Years ago retail investors would pile into USO as a bet on a long-term rise in oil prices. More recently, they saw it as a way to “buy the dip” in expectation of a near-term jump.

Around here, we’ve always looked askance at USO. Our editors have never been fans, other than as a fast-money trading vehicle. (If you’re really curious about why it was a lousy way to play oil, Google “USO time decay.”)

Apart from that, there’s not much else to say today — other than to place the blame where it rightly belongs.

Josh Crumb

Yes, U.S. shale energy has been an immense blessing. Good ol’ American know-how made it possible. But the Federal Reserve’s ultralow interest rates lured shale producers down the primrose path of debt and ultimately into overproduction.

The bubble burst in 2014… and while a great deal of the damage was repaired in the years since, the corona-crash is undoing all those repairs and then some.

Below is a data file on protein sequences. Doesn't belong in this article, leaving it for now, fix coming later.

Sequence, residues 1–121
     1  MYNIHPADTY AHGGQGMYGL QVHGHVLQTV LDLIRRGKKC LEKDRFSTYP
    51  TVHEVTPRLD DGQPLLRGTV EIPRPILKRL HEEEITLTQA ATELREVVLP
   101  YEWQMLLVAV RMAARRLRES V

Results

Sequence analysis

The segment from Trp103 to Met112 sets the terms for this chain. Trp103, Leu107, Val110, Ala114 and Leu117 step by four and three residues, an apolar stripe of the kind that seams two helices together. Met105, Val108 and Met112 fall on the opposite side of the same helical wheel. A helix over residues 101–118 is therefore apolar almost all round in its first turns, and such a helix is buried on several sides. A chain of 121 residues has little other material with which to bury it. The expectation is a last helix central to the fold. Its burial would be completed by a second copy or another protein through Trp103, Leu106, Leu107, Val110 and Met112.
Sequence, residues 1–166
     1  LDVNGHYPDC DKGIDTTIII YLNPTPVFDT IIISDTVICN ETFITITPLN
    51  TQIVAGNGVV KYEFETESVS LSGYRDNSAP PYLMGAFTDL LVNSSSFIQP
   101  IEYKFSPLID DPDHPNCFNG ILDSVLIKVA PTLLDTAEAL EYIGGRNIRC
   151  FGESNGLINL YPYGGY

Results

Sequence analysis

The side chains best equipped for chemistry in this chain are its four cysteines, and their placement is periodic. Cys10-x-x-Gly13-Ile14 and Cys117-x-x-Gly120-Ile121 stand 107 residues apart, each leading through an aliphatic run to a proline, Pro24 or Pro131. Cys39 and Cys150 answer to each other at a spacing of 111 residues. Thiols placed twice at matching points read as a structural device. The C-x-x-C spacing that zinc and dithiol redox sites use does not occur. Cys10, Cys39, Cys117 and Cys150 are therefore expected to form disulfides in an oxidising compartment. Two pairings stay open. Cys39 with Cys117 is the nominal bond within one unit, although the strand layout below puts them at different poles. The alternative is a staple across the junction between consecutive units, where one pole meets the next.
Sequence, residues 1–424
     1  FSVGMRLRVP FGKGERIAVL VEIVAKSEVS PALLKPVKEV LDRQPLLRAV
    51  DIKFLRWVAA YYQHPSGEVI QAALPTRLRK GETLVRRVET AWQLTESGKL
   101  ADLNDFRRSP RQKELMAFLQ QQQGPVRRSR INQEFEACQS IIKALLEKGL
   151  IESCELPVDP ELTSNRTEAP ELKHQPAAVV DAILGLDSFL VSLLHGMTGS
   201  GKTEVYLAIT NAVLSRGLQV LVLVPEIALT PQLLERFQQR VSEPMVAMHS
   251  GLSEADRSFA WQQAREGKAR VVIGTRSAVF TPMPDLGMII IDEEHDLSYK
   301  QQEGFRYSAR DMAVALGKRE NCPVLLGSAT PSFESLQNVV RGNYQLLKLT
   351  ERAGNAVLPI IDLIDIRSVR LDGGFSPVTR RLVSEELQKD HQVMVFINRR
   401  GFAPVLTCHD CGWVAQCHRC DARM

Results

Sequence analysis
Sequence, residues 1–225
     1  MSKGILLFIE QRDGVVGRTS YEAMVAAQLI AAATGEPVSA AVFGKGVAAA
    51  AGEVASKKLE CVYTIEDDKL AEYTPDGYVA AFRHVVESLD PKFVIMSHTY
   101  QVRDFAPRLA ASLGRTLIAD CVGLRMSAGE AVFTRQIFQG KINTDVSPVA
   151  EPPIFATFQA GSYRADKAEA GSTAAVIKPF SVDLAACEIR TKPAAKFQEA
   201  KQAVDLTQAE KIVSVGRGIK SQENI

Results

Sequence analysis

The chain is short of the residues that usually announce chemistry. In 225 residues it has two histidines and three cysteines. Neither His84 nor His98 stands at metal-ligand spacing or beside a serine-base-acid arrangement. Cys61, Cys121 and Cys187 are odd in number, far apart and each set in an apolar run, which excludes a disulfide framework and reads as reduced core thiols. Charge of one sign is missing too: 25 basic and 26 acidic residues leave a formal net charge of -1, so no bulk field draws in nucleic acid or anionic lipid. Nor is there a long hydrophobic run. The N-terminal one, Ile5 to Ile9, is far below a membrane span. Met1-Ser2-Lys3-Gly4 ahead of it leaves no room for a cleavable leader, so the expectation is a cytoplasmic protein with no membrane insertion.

The oil turmoil is proving to be a drag on the stock market for a second day running.

At last check, the Dow was down another 2%. That’s an 1,100-point drop in two days. Well, it stands to reason the market was due to give up some of those monster gains from two weeks ago, sooner or later.

The front-month gold contract has given up about $10; it’s holding onto the $1,700 level for dear life.

The lone economic number of the day is another stinker — existing home sales down 8.5% in March.

And so it begins: New York state is looking for a federal bailout to cover unemployment claims.

Specifically, the Empire State’s government is asking for a $4 billion no-interest loan. It won’t be the last state to put in such a request.

“Many states entered the crisis with woefully inadequate unemployment compensation trust funds,” writes Jared Walczak from The Tax Foundation. New York, California and Ohio might well run out of money to pay claims by the end of this month. Texas is nipping on their heels…

Unemployment Coverage